Well I was taking a blog break, but I couldn't help myself and checked the news headlines at Cath News. They had obviously noticed that I was taking a break as well...
I almost commented last week that Cath News seemed to have taken my advice and turned over a new leaf, adopting a more considered approach to the selection of its material.
Just as well I didn't, because today marks the return of the old Cath News, with a classic piece from dissenting nun, Sr Joan Chittister, advocate of, inter alia, women priestesses, via the National acatholic Reporter.
Her theme is the role of the laity in the Church, and what she describes as the 'ticking bomb' of Canon 212. Not everything she has to say is silly or wrong - but unfortunately it is so mixed up with outright with heresy as to disqualify it as "catholic".
Canon 212 - the laity's right to speak up not an invitation to dissent
Sr Joan has apparently just discovered (I guess dissenters don't often bother reading the Code of Canon Law of 1983!) Canon 212, which makes clear that the laity have a right and sometimes a duty to make known to their pastors their views. Unsurprisingly, she sees it as a potential boon to liberals.
First of all its not an unrestricted right to dissent.
The canon itself speaks of the right and duty being "in keeping with their knowledge, competence and position".
Secondly, it operates within the broader framework of the Code, which obliges Catholics to believe what the Church teaches!
And thirdly, Canon 223 provides that "Ecclesiastical authority is entitled to regulate, in view of the common good, the exercise of rights which are proper to Christ's faithful" - and that includes, in principle at least, public expressions of views under Canon 212 (and yes that does include blogs, forums such as acatholica, and websites such as cath news).
And Canon Law aside...
The more fundamental point of course is that its the conservative and traditional minded laity that have long since taken advantage of Canon 212 - witness the hundreds of blogs - not the rapidly declining members of the 'gaudium et spes' generation.
So let's take a quick look at Sr Joan's list of ten pieces of advice for a new priest.
1.Reread annually a summary of the second Vatican Council reforms.
No. If you must read about VII, read the actual documents, not some 'spirit of Vatican II' version of them (bring on Bishop Schneider's proposed Syllabus of Vatican II errors!). Better still, reread the Compendium of the Catechism of the Catholic Church each year for all of the Church's teaching over the centuries in an integrated up-to-date form.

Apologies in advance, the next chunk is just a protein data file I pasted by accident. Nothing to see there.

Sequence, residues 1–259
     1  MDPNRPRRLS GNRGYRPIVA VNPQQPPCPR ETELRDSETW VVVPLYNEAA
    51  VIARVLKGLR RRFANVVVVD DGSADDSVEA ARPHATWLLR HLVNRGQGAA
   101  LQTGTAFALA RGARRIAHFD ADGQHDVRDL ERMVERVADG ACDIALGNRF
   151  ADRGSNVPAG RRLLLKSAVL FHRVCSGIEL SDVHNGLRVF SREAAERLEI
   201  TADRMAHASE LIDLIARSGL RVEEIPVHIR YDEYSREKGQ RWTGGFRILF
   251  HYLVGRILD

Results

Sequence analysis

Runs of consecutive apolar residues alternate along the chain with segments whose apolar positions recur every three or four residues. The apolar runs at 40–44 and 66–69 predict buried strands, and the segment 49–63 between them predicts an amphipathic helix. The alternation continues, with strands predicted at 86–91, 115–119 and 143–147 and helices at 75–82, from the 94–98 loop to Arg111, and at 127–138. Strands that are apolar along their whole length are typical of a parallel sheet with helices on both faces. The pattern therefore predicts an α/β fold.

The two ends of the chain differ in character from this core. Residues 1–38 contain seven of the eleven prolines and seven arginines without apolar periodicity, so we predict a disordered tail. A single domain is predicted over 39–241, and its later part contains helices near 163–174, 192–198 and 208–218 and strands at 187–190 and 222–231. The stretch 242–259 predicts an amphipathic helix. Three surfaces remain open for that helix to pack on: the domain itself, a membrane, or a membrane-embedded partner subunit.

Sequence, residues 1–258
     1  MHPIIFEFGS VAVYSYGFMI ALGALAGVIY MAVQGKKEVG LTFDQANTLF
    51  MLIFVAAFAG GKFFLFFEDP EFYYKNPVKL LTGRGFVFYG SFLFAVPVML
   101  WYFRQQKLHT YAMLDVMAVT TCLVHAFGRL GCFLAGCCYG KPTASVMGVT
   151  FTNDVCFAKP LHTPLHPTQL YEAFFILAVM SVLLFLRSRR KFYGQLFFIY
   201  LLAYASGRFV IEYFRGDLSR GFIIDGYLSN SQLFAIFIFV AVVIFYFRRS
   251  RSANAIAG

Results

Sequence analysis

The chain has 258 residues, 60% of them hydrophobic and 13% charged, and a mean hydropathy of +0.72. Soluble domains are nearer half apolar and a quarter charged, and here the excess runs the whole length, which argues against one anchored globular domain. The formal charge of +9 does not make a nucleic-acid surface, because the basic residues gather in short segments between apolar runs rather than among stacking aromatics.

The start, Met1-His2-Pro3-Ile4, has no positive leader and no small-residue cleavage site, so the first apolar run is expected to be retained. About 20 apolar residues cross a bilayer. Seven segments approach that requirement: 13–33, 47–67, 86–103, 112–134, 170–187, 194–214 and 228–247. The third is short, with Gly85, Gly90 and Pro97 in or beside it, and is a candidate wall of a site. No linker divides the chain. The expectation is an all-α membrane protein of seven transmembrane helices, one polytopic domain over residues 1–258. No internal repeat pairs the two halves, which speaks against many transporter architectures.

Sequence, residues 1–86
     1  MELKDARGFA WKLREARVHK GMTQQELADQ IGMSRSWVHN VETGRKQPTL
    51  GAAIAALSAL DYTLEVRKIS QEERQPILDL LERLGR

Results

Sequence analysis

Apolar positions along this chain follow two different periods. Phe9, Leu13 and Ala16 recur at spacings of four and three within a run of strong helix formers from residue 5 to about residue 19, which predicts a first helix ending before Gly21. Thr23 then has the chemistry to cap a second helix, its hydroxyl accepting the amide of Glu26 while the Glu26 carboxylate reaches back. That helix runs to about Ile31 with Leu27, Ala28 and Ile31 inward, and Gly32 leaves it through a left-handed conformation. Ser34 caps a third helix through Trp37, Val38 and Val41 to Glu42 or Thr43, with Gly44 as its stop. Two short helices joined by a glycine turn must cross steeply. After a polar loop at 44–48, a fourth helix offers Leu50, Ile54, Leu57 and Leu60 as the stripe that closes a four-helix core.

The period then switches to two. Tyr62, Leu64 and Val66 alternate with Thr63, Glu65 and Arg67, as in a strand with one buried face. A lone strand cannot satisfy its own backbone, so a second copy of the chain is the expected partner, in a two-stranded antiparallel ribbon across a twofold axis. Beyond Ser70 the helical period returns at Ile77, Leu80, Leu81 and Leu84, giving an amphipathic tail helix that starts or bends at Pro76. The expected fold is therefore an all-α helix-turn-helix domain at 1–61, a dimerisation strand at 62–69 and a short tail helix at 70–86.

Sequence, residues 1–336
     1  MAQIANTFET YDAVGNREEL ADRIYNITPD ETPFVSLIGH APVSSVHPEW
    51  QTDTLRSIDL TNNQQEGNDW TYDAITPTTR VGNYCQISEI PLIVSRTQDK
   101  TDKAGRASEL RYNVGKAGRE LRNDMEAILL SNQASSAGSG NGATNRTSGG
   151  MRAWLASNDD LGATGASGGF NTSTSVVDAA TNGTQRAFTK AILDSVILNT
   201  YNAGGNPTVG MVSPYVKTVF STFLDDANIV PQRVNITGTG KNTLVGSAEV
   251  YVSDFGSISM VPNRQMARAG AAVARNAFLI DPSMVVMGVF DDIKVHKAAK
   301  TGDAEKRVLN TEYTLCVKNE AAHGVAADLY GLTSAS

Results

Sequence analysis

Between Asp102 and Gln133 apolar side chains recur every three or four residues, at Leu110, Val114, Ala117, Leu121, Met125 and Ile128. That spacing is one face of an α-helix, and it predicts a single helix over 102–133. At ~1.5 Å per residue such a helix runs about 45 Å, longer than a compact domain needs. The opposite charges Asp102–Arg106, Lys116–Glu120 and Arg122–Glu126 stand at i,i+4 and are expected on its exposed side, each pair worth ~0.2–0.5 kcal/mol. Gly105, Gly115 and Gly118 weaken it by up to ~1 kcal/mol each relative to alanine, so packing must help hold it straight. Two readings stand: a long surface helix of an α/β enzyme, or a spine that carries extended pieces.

2.Commit yourself to interfaith bridge building.
By all means reach out - and seek to convert - Hindu, Buddhist, Jewish, and Muslims. After all, our faith is where truth and salvation lies, right? Yes, somehow I'm pretty sure that's not what she means...
3.Be open to a changing position of the church on gays and women.
Um no. Doctrine is doctrine. It can't be changed. Instead, let's work for the reassertion of the Church's traditional moral teachings on marriage, and encourage homosexuals to practice continence.
4.Learn more in the first four years of your priesthood than you did in the recent [seminary trainings].
Well probably true, depending on the seminary. Certainly some of the traditionalist ones seem to be rather vague on the actual practicalities of how to lead a parish and do all the things associated therewith; while the novus ordo ones frequently seem a little vague on doctrine and how to reenchant the liturgy...
5.Prepare your homilies with one hand on the Bible and the other on (with) the daily newspaper.
Actually I might agree with this one. Priests need to be out there equipping us to counter secularism and other problems in the world, not giving nebulous fluff sermons or collections of interesting quotes to illustrate esoteric points of theology. Of course the bible and news should only be starting points, some real substance that engages people is needed...
6.Work with people rather than imposing a top-down strategy.
In the end the priest has to make the final decision on many subjects. But St Benedict's advice to his abbots to listen carefully to the views of all in the monastery and visitors to it, even the most junior, before making a decision is well worth making your methodology. Transparency and accountability are norms of our culture which are not at all opposed to the hierarchical constitution of the Church, but rather than aid it.
7. Respect the role of the laity in an evolving Church.
Getting the balance right on this is not easy. Clericalism in its disease form is alive and well, albeit with different symptoms, in all parts of the Church in my view.
8. Build upon personal spirituality by a growing concern for social justice.
Forget social justice. Focus on practical charity and prayer instead, and leave the politics to the laity.
9. Store your seminary notes in an inaccessible place.
Well no. Unless your seminary courses were taught by liberals you will actually need to consult your notes from time to time. The priest is inevitably the expert in the parish, the person who does actually have to know the rules, theology and so forth!
10. Remember that an unquestioning “company man” in all professions, even the priesthood, sacrifices creative energy.
Yep. Given that so many bishops and priests are liberals still, or at least fellow travellers, the orthodox young priest needs to steel himself for the problems of coming from a different generation's perspective....
And now back to my attempted blog break...